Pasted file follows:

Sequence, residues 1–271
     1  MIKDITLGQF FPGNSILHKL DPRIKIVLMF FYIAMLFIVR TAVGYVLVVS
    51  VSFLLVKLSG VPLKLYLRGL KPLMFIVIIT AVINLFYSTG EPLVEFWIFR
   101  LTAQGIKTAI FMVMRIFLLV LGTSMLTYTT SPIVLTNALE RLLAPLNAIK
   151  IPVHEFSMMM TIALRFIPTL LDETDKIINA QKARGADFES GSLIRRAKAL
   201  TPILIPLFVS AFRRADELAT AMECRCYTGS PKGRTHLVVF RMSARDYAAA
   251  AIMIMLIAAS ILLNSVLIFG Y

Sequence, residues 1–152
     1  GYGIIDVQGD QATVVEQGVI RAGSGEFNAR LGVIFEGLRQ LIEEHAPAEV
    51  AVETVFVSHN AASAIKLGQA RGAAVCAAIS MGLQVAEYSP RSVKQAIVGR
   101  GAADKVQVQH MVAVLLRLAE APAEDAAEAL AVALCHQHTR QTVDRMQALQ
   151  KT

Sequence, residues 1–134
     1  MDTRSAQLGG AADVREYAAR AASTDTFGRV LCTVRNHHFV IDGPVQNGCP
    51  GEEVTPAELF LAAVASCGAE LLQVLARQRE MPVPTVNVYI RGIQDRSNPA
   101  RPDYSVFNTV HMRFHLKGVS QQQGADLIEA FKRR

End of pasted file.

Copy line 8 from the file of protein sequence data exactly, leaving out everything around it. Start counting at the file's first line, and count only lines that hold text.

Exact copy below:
Sequence, residues 1–152